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Ethel May Dell
This eBook from the Gutenberg Project consists of approximately 248 pages of information about The Odds.

He greeted her with his usual gruff indulgence.

“Hallo, you mad-cap!  I was just wondering whether I would scour the country for you, or leave the door open and go to bed.  I think it was going to be the last, though, to be sure, it would have served you right if I had locked you out.  Had any dinner?”

“No, darling, supper—­any amount of it.”  Nan dropped a kiss upon his bald head in passing.  “I’ve been with Jerry,” she said, “on the lake the whole day long.  We watched the moon rise.  It was so romantic.”

The Colonel grunted.

“More rheumatic than romantic I should have thought.  Better have a glass of grog.”

Nan screwed up her bright face with a laugh.

“Heaven forbid, dad!  And on a night like this.  Oh, bother!  Is that a letter for me?”

Colonel Everard was pointing to an envelope on the mantelpiece.  She crossed the hall without eagerness, and picked it up.

“I’ve had one, too,” said the Colonel, after a brief pause, speaking with a jerk as if the words insisted upon being uttered in spite of him.

“You!” Nan paused with one finger already inserted in the flap.  “What for?”

Her father was staring steadily at the end of his cigar, or he might have seen a hint of panic in her dark eyes.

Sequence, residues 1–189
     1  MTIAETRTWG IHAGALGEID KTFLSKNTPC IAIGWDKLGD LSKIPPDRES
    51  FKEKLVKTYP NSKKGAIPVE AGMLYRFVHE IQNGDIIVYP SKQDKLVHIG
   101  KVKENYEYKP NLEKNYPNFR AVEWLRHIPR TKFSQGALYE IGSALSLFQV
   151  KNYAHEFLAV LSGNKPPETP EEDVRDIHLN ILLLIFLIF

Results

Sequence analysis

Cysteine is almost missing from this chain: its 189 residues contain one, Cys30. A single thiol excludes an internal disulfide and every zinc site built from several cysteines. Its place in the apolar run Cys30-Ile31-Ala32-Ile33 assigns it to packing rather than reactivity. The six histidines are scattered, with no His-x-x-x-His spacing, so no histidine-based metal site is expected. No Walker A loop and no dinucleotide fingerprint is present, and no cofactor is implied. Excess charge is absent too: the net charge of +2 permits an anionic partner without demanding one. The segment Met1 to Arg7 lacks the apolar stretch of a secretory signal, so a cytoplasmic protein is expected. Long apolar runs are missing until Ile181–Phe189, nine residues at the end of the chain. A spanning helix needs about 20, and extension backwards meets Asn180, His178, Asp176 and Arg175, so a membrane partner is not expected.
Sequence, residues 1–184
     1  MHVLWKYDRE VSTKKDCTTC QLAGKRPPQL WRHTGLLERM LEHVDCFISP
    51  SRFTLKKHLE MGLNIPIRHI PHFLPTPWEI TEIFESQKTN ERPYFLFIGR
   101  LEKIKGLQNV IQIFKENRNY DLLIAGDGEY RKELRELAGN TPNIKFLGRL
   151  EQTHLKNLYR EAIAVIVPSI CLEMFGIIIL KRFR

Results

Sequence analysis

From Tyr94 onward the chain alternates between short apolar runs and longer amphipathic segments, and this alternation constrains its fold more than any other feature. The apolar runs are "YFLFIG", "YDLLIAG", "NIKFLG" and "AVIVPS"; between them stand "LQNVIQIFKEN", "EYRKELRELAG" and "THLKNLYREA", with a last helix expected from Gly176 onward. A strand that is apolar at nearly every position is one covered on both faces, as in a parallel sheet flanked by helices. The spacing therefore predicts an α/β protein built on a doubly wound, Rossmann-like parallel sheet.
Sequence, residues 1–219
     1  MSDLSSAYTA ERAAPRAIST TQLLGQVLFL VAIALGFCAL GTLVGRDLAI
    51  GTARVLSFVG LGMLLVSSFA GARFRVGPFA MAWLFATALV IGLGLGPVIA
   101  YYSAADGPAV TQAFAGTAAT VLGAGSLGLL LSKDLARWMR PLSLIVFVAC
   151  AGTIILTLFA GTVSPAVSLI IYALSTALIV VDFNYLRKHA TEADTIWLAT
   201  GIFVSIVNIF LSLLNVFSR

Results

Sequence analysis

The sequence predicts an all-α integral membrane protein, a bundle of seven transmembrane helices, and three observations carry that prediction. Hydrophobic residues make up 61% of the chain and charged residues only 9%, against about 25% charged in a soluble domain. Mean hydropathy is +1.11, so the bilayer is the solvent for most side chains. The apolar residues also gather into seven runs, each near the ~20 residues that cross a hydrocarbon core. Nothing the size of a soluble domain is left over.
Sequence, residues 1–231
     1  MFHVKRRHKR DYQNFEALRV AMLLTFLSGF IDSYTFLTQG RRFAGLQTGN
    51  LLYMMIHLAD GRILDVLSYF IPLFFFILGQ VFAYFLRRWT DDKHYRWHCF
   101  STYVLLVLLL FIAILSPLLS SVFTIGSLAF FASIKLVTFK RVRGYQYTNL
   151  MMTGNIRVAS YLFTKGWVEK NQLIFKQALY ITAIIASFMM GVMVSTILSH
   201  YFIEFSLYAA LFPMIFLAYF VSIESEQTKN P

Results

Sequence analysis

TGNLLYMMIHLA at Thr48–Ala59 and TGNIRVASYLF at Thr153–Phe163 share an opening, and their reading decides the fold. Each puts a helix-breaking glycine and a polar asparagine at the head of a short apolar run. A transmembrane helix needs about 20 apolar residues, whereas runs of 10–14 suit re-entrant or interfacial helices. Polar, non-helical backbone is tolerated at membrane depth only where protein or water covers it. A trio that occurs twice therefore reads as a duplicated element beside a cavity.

“You will see for yourself,” he said, still in that uncomfortable, jerky style.  “He seems to think—­Well, I must say it sounds reasonable enough since he can’t get back at present; but you will see for yourself.”

A little tremor went through Nan as she opened the letter.  With frowning brows she perused it.

It did not take long to read.  The thick, upright writing was almost arrogantly distinct, recalling the writer with startling vividness.

He had written with his accustomed brevity, but there was much more than usual in his letter.  He saw no prospect, so he told her, of being able to leave the country for some time to come.  Affairs were unsettled, and likely to remain so.  At the same time, there was no reason, now that her health was restored, that she should not join him, and he was writing to ask her father to take her out to him.  He would meet them at Cape Town, and if the Colonel cared to do so he would be very pleased if he would spend a few months with them.

The plan was expressed concisely but with absolute kindness.  Nevertheless there was about the letter a certain tone of mastery which gave Nan very clearly to understand that the writer thereof did not expect to be disappointed.  It was emphatically the letter of a husband to his wife, not of a lover to his beloved.

She looked up from it with a very blank face.

“My dear dad!” she ejaculated.  “What can he be thinking of?”

Colonel Everard smiled somewhat ruefully.

“You, apparently,” he said, with an effort to speak lightly.  “What shall we say to him—­eh, Nan?  You’ll like to go on the spree with your old dad to take care of you.”

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